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The Safety Interview

By Hartshorn, Dan | Occupational Hazards, October 1999 | Go to article overview

The Safety Interview


Hartshorn, Dan, Occupational Hazards


How to make safety part of your job applicant screening process.

Screening of prospective employees should include questions that will probe the applicant's reasoning ability, attitude, and knowledge concerning safety. These qualities represent significant job skills that should be evaluated as part of the selection process.

Unfortunately, the issue of safety is overlooked by many employers during the process of screening job applicants. The "Safety Interview" form, found on page 108 of this article, provides safety questions that can be helpful in the screening process. The form can be filled out by a prospective employee prior to an interview or the form can be used as a guide for questioning the applicant during an interview, Each employer can, of course, add or delete questions to make the questionnaire more relevant to a particular job.

The safety interview questions are designed to be open-ended, so "yes" and "no" answers are not possible. These open-ended questions force the applicant to reveal more of his or her thoughts and feelings concerning safety. Some of the questions also provide an opportunity for the applicant to demonstrate specific safety knowledge.

Reasoning ability, attitude and knowledge are three separate qualities. Each of these qualities should be assessed. For example, it should not be assumed that, because an applicant has a good knowledge of safety, his or her attitude concerning safety is also good. Many accidents occur because the injured chose to ignore the rules and procedures.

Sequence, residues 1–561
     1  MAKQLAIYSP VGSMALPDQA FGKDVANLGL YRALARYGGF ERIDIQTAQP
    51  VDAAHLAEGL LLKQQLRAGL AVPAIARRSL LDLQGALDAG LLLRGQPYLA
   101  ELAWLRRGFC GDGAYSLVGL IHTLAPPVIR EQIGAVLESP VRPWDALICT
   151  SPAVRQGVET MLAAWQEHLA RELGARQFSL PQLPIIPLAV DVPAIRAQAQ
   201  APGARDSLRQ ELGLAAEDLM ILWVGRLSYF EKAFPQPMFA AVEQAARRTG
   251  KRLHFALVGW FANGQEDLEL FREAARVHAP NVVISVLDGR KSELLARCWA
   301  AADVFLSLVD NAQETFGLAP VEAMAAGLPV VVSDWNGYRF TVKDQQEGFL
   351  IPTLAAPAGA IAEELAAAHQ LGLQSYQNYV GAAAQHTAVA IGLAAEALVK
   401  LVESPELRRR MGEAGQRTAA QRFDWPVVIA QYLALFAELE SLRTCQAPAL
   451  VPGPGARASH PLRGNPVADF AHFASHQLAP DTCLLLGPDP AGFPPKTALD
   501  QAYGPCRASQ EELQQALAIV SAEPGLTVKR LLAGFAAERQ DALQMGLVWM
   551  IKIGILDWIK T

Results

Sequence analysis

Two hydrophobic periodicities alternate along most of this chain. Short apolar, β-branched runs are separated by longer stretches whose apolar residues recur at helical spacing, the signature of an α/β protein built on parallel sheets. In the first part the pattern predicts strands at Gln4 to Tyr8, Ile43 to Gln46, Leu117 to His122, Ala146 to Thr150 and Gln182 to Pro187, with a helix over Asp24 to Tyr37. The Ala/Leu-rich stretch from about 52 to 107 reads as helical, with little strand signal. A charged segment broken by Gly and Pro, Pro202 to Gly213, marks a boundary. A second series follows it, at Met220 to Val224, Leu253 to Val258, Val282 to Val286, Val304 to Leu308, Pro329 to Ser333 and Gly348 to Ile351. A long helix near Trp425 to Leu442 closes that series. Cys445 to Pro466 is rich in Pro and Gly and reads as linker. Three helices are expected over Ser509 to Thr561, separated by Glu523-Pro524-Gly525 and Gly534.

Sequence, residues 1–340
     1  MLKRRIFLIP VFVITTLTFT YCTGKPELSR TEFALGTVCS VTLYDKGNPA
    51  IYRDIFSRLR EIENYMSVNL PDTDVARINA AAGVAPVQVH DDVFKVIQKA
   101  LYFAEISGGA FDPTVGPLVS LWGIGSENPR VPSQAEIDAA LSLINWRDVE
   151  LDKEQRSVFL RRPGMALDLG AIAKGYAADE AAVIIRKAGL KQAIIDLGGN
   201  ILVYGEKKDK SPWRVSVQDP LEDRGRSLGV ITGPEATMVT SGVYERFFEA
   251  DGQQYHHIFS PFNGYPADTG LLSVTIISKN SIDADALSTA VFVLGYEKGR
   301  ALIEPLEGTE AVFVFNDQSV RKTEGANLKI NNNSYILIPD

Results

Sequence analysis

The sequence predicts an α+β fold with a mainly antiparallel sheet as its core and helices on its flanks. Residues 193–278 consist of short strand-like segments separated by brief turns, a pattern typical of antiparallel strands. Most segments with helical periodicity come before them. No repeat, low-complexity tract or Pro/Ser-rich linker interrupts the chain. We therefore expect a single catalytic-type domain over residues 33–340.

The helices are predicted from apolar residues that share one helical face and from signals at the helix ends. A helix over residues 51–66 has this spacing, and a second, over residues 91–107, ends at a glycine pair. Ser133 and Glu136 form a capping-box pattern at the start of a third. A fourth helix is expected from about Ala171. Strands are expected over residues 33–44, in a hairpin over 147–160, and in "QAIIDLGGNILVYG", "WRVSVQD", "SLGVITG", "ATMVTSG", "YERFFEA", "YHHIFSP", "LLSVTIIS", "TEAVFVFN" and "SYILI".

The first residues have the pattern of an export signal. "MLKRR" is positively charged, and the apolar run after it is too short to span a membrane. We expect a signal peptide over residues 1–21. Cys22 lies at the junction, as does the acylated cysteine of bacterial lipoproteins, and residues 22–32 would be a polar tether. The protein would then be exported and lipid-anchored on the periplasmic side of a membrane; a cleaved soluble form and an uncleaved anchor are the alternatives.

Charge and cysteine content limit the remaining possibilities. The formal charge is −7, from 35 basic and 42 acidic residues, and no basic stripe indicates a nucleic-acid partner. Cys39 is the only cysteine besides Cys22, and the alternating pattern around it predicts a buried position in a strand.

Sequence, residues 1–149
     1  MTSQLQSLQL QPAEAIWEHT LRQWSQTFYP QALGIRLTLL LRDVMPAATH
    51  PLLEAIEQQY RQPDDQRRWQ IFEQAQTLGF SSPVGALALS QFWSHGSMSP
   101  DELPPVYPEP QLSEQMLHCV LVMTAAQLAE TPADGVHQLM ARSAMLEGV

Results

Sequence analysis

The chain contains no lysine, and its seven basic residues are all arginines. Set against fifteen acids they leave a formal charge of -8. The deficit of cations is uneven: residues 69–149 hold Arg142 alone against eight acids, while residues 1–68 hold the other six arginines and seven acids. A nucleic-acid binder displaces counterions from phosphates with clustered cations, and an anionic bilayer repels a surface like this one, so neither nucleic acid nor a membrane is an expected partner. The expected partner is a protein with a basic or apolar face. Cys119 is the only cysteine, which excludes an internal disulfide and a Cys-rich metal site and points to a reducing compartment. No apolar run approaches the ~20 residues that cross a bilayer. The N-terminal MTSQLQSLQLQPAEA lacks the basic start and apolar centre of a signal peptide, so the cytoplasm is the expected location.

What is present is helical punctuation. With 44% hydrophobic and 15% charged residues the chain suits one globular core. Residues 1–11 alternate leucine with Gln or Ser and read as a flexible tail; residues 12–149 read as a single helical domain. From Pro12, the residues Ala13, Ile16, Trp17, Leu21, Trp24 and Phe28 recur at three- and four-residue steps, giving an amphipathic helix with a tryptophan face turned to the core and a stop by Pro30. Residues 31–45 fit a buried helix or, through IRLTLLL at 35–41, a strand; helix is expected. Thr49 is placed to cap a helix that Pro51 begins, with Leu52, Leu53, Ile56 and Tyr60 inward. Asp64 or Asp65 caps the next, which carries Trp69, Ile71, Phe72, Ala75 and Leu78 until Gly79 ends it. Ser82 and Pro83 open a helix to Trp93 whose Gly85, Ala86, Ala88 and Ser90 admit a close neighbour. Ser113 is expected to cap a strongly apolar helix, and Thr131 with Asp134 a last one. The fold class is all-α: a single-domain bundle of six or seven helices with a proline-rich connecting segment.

* Reasoning Ability: The ability to understand the important elements in a question and fashion an answer with a reasonably safe solution. When given the proper training about safety, people with good reasoning ability tend to make good safety decisions. After all, what could be more logical than behavior that protects your own health and safety?

* Attitude: The feeling that the applicant has toward the importance of safety. For various reasons, people have widely different levels of concern about personal safety. A good attitude is usually the most important quality an applicant can have. Typically, changing an applicant's attitude is much more difficult than improving the person's knowledge of safe practices.

* Knowledge: Some questions provide the opportunity for applicants to demonstrate specific safety knowledge. If an inexperienced applicant has poor safety knowledge, but a good attitude and reasoning ability, he or she is still a good candidate for the job. However, if the applicant claims experience and he or she has poor safety knowledge, this indicates a problem. Either the person did not have the experience claimed or the person's attitude was so poor that basic safety knowledge was not retained.

Safety Interview Questions and Sample Answers

Employers usually can expect responses to be good because the applicant is trying to impress the interviewer. Ask yourself, however, which response is best in each of the following examples.

Question: "Why is it necessary for employers to have safety programs and safety rules?"

Sample Responses:

"Employers have to follow OSHA rules."

"Employers are afraid they will be sued if someone gets hurt."

"Safety programs and safety rules are necessary to comply with OSHA laws, to reduce the human suffering caused by injuries and to reduce the financial loss to both the employer and the employee that occurs as the result of injuries."

"Employers have safety programs because they want to avoid the hassles associated with accidents."

Question: "What would you do if you saw a fellow employee working in an unsafe way?"

Sample Responses:

"If I saw a fellow employee working unsafely, I would let him or her know right away how to do the job correctly."

"If someone were working unsafely, I would immediately tell my supervisor.

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